W3C home > Mailing lists > Public > whatwg@whatwg.org > November 2008

[whatwg] Combining the DedicatedWorker and SharedWorker interfaces

From: Aaron Boodman <aa@google.com>
Date: Mon, 3 Nov 2008 23:08:58 -0800
Message-ID: <278fd46c0811032308j628ed10au92a6f948389628fb@mail.gmail.com>
Hello all,

A few months ago, I suggested that we combine the DedicatedWorker and
SharedWorker interfaces
(http://lists.whatwg.org/pipermail/whatwg-whatwg.org/2008-September/016228.html),
but we never reached consensus.

Since Mozilla and Apple are both working on implementing this now, I'd
like to revisit the issue before we end up with something non-ideal
baked into implementations.

My biggest issue with the proposal as currently drafted is that there
are so many different ways to send and receive messages. I think this
overcomplicates the proposal for both developers and implementors.

For dedicated workers, you can either send single messages using the
Worker object directly, like in Gears:

var worker = new Worker("foo.js");
worker.postMessage("ping");

Or, you can use the more powerful startConversation() API to easily
group related messages together:

var port = worker.startConversation();
port.postMessage("ping");

Note that the worker has to know ahead of time which API the callers
will use since the way that it replies is different depending on that.
If the caller used Worker.sendMessage(), the worker should reply like
this:

onmessage = function() {
  postMessage("pong");
}

... but if the caller used Worker.startConversation().sendMessage(),
then the worker should reply like this:

onmessage = function(e) {
  e.port.postMesage("pong");
}

SharedWorkers require a third, completely different API to send messages:

var w = new SharedWorker("foo.js", "foo");
w.port.postMessage("ping");
w.port.onmessage = function(e) {};

The interface to receive messages in a SharedWorker is also special:

onconnect = function(e) {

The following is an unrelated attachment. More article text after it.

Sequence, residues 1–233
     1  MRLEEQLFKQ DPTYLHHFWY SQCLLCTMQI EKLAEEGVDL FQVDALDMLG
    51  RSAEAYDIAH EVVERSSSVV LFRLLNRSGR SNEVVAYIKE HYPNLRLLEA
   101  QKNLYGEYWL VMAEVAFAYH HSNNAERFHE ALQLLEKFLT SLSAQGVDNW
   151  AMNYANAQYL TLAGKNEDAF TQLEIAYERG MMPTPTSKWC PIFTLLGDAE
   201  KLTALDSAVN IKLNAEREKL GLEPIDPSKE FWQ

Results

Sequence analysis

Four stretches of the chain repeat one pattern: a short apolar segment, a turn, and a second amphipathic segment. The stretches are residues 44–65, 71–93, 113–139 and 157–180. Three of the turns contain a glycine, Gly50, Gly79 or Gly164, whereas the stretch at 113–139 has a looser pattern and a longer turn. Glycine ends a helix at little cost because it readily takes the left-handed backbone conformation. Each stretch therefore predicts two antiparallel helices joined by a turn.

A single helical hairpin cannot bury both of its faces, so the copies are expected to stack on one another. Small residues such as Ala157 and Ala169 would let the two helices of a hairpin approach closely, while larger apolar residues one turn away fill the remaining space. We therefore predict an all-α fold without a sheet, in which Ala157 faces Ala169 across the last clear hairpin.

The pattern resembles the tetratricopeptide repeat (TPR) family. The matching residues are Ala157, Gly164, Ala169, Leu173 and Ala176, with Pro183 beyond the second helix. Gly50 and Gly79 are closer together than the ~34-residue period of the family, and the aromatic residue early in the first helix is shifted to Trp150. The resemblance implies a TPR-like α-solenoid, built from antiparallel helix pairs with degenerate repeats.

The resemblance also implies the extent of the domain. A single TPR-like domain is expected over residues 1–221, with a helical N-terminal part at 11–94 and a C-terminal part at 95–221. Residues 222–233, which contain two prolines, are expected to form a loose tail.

e.port.onmessage = function(e) {
    e.port.postMessage("pong");
  }
}

This lack of generality bothers me on an aesthetic level, but I also
think it has the following real problems:

* Workers have to know what interface was used to send them messages.
If the page using a worker decide to start using a more powerful send
API, the worker must also be upgraded. You can already see examples of
this problem in the samples at the beginning of the draft. They are
marked with the comments "// support being used as a shared worker as
well as a dedicated worker".

* Having different interfaces for each use case means that each new
feature has to be added to each interface separately. We can already
see this problem in the fact that the SharedWorker interface lacks
startConversation() for no apparent reason.

* Having multiple interfaces probably increases the chance of
developers misunderstanding and using the wrong tool for the job. I
can easily see developers accidentally reimplementing
startConversation() on top of Worker.sendMessage().

* More API for developers to learn and implementors to build.


I think that these issues can all be addressed by simplifying and
combining the various APIs. This will make the simplest examples of
workers require slightly more code, but I think it is much simpler and
more elegant.

Here is how it would work:
* Get rid of the DedicatedWorker interface.
* Add startConversation() to SharedWorker, but rename it "connect()"
and make the onconnect event fire inside the worker each time it is
called.

Here's an example in code:

// dedicated workers (outside)
var worker = new Worker("foo.js");
var port = worker.connect();
port.onmessage = function() { }
port.postMessage("ping");

// dedicated workers (inside)
onconnect = function(e) {
  e.port.onmessage = function(e) {
    e.port.postMessage("pong");
  }
}

Shared workers are exactly the same except the constructor is
SharedWorker("foo.js", "foo");

Note that I do not think it is necessary to implement this all at
once. For one, the SharedWorker constructor could easily be punted for
future releases.

Thoughts?

- a
Received on Monday, 3 November 2008 23:08:58 UTC

This archive was generated by hypermail 2.4.0 : Wednesday, 22 January 2020 16:59:07 UTC